A Springfield pastor is leading an effort to put payday loan limits on the fall ballot. NICK GRAHAM/STAFF

Springfield pastor wants to take fight over payday loans to ballot

Leaders of the effort submitted petition language and signatures from about 2,000 Ohio voters to the Ohio Attorney General’s Office.

Once certified by state officials, the group will need to collect more than 305,000 valid voter signatures by July 4 to qualify for the November 2018 ballot.

FIRST REPORT: Payday loans hurting Springfield, church leaders say

A decade ago Ohio voters endorsed a payday lending law by a 2-to-1 margin that capped annual interest rates and fees at 28 percent. But since then lenders have found ways to sidestep the limits. The result is that some borrowers pay rates of up to 591 percent.

“It’s been a decade and Ohioans are fed up,” said Rev. Carl Ruby of Springfield’s Central Christian Church.

Ruby and Nate Coffman of Ohio CDC, two leaders in the effort, acknowledge that collecting enough signatures will be a heavy lift that will require volunteers and paid staff, significant fund raising and a savvy campaign.

“We are up against power and we’re up against an industry that has a lot of money to spend,” Ruby said. “But we have the moral argument.”

The proposed constitutional amendment mirrors reforms included in House Bill 123, sponsored by state Rep. Kyle Koehler, R-Springfield. Both call for a 28 percent APR cap and limit of monthly fees at $20. The ballot issue would also extend payback time for loans to up to 180 days.

RELATED: Springfield pastor seeking local support for payday lending bill

House Bill 123 was introduced on March 9, 2017.

The Ohio Consumer Lenders Association says the industry abides by existing laws, an industry spokesman has said, and provides a necessary service in many communities by offering credit to customers who often don’t have easy access to traditional banks.

“We remain committed to working with members of the General Assembly and all interested parties on appropriate reforms that do not jeopardize access to credit for the millions of Ohioans we serve,” a statement issued by the Ohio Consumers Lending Association said. “Continued misrepresentations — assertions that they know to be false — are not helpful to achieving any reform.”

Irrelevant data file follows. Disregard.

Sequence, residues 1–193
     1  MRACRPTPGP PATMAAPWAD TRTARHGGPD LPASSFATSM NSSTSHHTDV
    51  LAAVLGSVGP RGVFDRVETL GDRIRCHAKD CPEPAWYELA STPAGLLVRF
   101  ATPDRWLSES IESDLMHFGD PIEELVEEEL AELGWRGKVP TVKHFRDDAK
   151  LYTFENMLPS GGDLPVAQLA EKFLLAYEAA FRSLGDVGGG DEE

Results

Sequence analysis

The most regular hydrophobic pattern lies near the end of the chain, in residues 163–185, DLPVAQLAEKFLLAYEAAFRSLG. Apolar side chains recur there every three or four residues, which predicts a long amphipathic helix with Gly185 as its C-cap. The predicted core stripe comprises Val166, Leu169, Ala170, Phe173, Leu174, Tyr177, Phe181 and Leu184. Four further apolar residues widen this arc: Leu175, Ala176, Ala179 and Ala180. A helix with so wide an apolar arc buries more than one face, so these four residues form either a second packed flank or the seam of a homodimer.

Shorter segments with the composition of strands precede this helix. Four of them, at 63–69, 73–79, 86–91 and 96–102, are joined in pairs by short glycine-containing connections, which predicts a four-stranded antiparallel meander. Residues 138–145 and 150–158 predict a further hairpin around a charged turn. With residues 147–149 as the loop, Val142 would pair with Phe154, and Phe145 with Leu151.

Typically with payday loans, consumers borrow $100 to about $1,500 and must pay it back within 30 days, either through a post-dated check or automatic withdrawals. They pay interest and fees that can boost the annual percentage rate above 400 percent. Borrowers who can’t make the full payment when it comes due often extend the loan, accruing more interest and fees.

Pat Crowley, a spokesman for the lenders association, told the News-Sun last year the industry charges fees, not interest rates. Their services help people pay medical bills and buy groceries, or “everyday things that people need to survive,” he has said.

RELATED: Springfield pastor leads effort to put payday loan limits on ballot

One in 10 adults in Ohio, or about 1 million people, have taken out a payday loan, according to a 2016 study by the Pew Charitable Trusts, a national consumer protection organization. The national average is 1 out of every 20 people have used a payday loan, it says.

In 2016, Ruby organized a community forum on payday lending, which included local and state leaders. Springfield has at least at least 18 loan centers, many of which are clustered together in poorer neighborhoods. Ohio has more than 650 storefronts that offer payday loans, the Pew report says.

Koehler understands the group’s frustration with the legislative process but prefers to have HB 123 passed through the legislature rather than a ballot initiative, he said.

“When we put it into the Ohio Revised Code, we can fix it if there’s a problem,” Koehler said. “When something goes into the (Ohio Constitution), we can’t fix it unless we go back to the ballot. They support my effort and I support their effort. My goal is to get House Bill 123 passed.”

Both in-state and out-of-state installment lenders who offer larger loan amounts and have different regulations would like to begin offering payday loans, Koehler said. However, some of the proposed regulations could keep them from Ohio, he said.

Koehler is working on substitute language for the bill that could bring those businesses to Ohio, he said.

“They consider themselves to be upstanding businesses and refuse to operate that way,” Koehler said. “They know there’s a right way to do things and a wrong way to do things. They refuse to open stores in Ohio unless they can do it the right way.”


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